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Here and There introduces art, artists, galleries, museums, and other cultural facilities around Japan that non-Japanese readers and first-time visitors may find of particular interest.

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image image Giving Art a Listen at Arts Maebashi
Alan Gleason
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Aki Onda, "Collage on Cassettes" (2018)

Listening takes time. It also requires a place with minimal distractions. Looking -- at a painting, for example -- can, on the other hand, transmit a vast amount of information instantaneously. When we go to an art museum with, say, only a couple of hours to view several dozen works, we move quickly from painting to painting, often allowing ourselves only a few seconds to decide which ones merit a longer look.

A museum therefore may not be the ideal environment for a show as listening-centered as this one is. That said, Arts Maebashi has demonstrated admirable courage in trying to pull it off at all. Listening: Resonant Worlds (up until 21 March) offers a frustrating but ultimately worthwhile experience -- frustrating because it consists entirely of multimedia installations that, if viewed and heard in full, would take a day to absorb; worthwhile because the content is both challenging and affecting.

Some prepping is in order before you go. I came to the show knowing almost nothing about it except that it featured works utilizing sound. What I imagined was one of those multimedia presentations that resemble light shows with sound effects. Listening is not like that at all. Sound is indeed the pivotal medium of every installation here, but in ways that are not hands-on or particularly immersive. Nearly all, however, have to be experienced while wearing a headset -- provided at the entrance, though viewers are encouraged to bring their own smartphone and earphones to access the soundtracks via WiFi. One problem with this technical consideration is that the on-site instructions are sparse and mostly in Japanese, so I recommend that English-speaking visitors peruse the exhibition's very thorough English-language website in advance. Otherwise you will find yourself befuddled by the profusion of video screens and headphone outlets in a sequential layout that sometimes makes it hard to tell where one installation ends and the next begins.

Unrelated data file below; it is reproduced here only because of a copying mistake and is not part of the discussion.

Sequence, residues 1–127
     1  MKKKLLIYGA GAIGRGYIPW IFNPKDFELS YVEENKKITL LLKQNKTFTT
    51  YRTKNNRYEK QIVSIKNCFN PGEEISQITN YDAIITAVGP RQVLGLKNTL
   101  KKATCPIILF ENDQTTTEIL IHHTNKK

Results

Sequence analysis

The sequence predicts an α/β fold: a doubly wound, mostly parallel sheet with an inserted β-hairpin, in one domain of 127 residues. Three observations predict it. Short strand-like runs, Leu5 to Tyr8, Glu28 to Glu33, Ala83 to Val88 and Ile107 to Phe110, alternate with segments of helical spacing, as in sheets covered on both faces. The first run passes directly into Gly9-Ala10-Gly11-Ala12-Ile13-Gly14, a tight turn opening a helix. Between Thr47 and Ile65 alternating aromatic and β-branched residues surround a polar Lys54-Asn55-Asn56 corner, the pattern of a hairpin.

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Makoto Nomura, Arts Maebashi: 9 Short Pieces for Piano 1, Tamagawa Waterworks in Spring (2013); painting by Kakuji Kurata, oil on canvas (1995)

The first installation, by contemporary composer Makoto Nomura, is the only one that matches music to works of art, a tried-and-true multisensory format that works very well here. Indeed, one suspects it may have been the original impetus for this show. Four oil paintings by Maebashi-area artists are to be viewed while listening to short compositions inspired by each work, part of a series, 9 pieces for piano "Arts Maebashi", that Nomura developed from a 2013 workshop at the museum when it first opened. According to the website: "[E]ach participant brought an instrument and played it looking at a painting from the museum's collection as if it were a sheet of music." Nomura then notated those impromptu melodies for piano and recorded them. The pieces are sprightly and stimulating, and their scores are displayed next to each painting. One wishes there were more of them.